Yes, you can qualify for disability benefits due to breast cancer if it and its treatment significantly impair your ability to work and meet the Social Security Administration’s (SSA) disability criteria mentioned in the Blue Book.

If your breast cancer is aggressive, late-stage, or requires long-term treatment, you may be eligible for Social Security Disability Benefits. According to the Americans With Disabilities Act (ADA), applicants will be protected from discrimination. In case your doctor expects that your breast cancer will be cured within 12 months with proper medical treatment, you may not be eligible for benefits. 

To be eligible for benefits, your breast cancer must cause severe impairments that prevent you from engaging in substantial gainful activity (SGA) and meet the SSA’s duration requirements. As breast cancer is one of the types of cancer, individuals struggling with the disability may be eligible for cancer disability benefits.

Is Breast Cancer A Disability?

Breast cancer is not automatically considered a disability under the Social Security Administration’s (SSA) definition. However, individuals with breast cancer may be eligible for disability benefits if the cancer and its treatment significantly impair their ability to work and meet the SSA’s disability criteria.

To qualify for disability benefits from the SSA, including Social Security Disability Insurance (SSDI) or Supplemental Security Income (SSI), an individual must meet the following criteria:

  • Listing of Impairments: If the breast cancer and its complications meet specific medical criteria listed in the SSA’s “Blue Book” (Listing of Impairments), the individual may be considered disabled automatically.
  • Inability to Work: If breast cancer and its treatment significantly impact the individual’s ability to work and earn a living, they may be eligible for disability benefits even if the condition does not meet a specific listing in the Blue Book.
  • Duration: The disability must be expected to last for at least 12 months or more.

The SSA evaluates each disability claim on a case-by-case basis, considering the medical evidence, functional limitations, and the overall impact of the condition on the individual’s ability to work. 

What Is Breast Cancer?

Breast cancer is one of the types of cancer that originates in the breast cells. It happens when abnormal cells in the breast grow and multiply uncontrollably, forming a mass or lump called a tumor. Breast cancer can affect both women and men, although it is much more common in women.

Does Breast Cancer Automatically Qualify For Disability Benefits?

Some types of breast cancer can automatically qualify for benefits that are severe, long-lasting, and prevent you from holding a job. Under the Compassionate Allowances Program, some medical conditions require a kidney transplant, or in which the applicant loses both legs may qualify for the disability benefits.  

Getting approved for the benefits depends entirely on how your illness progresses and how it impacts your ability to work. 

When Does Breast Cancer Qualify For Disability Benefits?

Breast cancer may qualify an applicant for benefits if any one of the following is true:

  • You are suffering from stage IV (stage 4) breast cancer which is metastatic. It means that your cancer has spread to other parts of the body.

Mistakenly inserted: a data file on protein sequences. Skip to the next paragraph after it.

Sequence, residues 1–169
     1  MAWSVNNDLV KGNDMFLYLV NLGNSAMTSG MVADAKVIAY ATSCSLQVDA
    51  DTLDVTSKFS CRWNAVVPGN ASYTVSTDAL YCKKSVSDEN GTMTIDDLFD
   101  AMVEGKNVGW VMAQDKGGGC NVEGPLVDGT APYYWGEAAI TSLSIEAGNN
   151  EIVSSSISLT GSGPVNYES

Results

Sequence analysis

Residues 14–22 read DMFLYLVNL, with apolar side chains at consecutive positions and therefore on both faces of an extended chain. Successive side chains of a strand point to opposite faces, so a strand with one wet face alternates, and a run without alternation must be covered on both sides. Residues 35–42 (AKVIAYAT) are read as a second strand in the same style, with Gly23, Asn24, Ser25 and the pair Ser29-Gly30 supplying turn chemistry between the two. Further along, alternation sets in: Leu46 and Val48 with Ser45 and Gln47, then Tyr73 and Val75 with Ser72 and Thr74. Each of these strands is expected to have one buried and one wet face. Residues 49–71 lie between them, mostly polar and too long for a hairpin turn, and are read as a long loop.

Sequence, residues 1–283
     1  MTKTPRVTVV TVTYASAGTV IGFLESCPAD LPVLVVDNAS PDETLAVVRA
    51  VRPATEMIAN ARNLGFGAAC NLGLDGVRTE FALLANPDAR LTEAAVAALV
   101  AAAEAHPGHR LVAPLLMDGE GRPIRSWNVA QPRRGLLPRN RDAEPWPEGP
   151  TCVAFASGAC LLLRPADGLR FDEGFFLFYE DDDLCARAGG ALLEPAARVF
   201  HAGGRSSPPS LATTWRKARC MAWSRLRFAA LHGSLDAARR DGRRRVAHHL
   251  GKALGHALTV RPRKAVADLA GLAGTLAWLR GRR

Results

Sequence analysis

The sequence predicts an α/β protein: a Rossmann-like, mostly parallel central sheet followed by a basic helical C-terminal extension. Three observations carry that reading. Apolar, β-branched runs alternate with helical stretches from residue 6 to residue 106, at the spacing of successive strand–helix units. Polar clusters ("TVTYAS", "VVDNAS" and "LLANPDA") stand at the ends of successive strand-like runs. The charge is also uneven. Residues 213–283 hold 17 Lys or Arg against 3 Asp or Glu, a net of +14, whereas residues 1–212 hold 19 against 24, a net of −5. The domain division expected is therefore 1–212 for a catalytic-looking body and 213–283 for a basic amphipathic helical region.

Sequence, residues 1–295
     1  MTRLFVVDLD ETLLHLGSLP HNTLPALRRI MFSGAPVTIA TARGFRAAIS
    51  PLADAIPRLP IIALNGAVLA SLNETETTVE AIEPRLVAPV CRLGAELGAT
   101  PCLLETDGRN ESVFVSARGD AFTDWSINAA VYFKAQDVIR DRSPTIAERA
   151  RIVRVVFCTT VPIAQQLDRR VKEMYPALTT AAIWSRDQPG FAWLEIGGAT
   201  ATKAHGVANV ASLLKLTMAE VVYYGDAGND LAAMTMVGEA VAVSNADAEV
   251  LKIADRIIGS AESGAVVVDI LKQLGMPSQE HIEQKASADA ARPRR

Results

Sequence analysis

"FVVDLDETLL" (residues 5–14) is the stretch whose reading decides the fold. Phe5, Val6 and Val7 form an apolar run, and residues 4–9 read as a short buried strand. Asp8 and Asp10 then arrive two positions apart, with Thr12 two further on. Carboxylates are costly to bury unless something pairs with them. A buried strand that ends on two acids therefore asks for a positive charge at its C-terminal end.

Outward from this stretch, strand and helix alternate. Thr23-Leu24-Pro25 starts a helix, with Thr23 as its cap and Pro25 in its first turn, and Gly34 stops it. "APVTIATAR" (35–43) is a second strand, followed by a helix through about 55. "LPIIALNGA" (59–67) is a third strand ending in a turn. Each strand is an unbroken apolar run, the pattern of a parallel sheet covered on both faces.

• Breast cancer that cannot be cured or is inoperable will automatically qualify for disability benefits.
  • You are struggling with inflammatory breast cancer (IBC) that will automatically qualify for benefits.
  • Breast cancer has reached small cells also known as oat cells will qualify you for benefits.
  • Your medical treatment has been expected to last for 12 months or more. Moreover, during that tenure, you are experiencing side-effects thereby making it impossible for you to work.

Common Causes Of Breast Cancer

The exact causes of breast cancer are not fully understood, but several factors may increase the risk:

  • Genetics: Inherited mutations in genes like BRCA1 and BRCA2 can increase the risk.
  • Age and Gender: Aging and being a woman are the primary risk factors.
  • Family History: Having a close relative with breast cancer may increase the risk.
  • Hormones: High estrogen exposure, early menstruation, and late menopause can play a role.
  • Personal History: Previous breast cancer or benign breast conditions may increase risk.
  • Radiation Exposure: High doses of radiation to the chest at a young age can elevate risk.
  • Lifestyle Factors: Obesity, lack of physical activity, alcohol consumption, and hormone replacement therapy may contribute.

Symptoms Of Breast Cancer

Cancer symptoms can vary widely depending on the type, location, and cancer stage. However, some common signs and symptoms that may indicate the presence of cancer include unexplained weight loss, persistent fatigue, and unrelenting pain. 

Changes in the skin, such as the development of new moles or changes in existing ones, may also be a warning sign of skin cancer. Persistent cough or hoarseness, difficulty swallowing, and blood in the urine or stool could indicate cancers in the respiratory or gastrointestinal systems. 

Abnormal lumps or swelling in the breast, testicles, or other areas may indicate breast or testicular cancer. Other potential symptoms include changes in bowel or bladder habits such as inflammatory bowel syndrome, unexplained bleeding, chronic pain or stomach pain, and frequent infections or illnesses. The after-effects of breast cancer can lead to anxiety and depression.

Types Of Breast Cancer

There are several types of breast cancer, and they can be classified based on where they start in the breast and whether they are invasive (spreading into nearby tissues) or non-invasive (staying within the milk ducts or lobules). The most common types of breast cancer include:

  • Ductal Carcinoma In Situ (DCIS): A non-invasive type of breast cancer that starts in the milk ducts and remains confined to the ducts.
  • Invasive Ductal Carcinoma (IDC): The most common form of invasive breast cancer, starting in the milk ducts and spreading into surrounding breast tissues.
  • Invasive Lobular Carcinoma (ILC): This type starts in the milk-producing lobules and invades nearby breast tissues.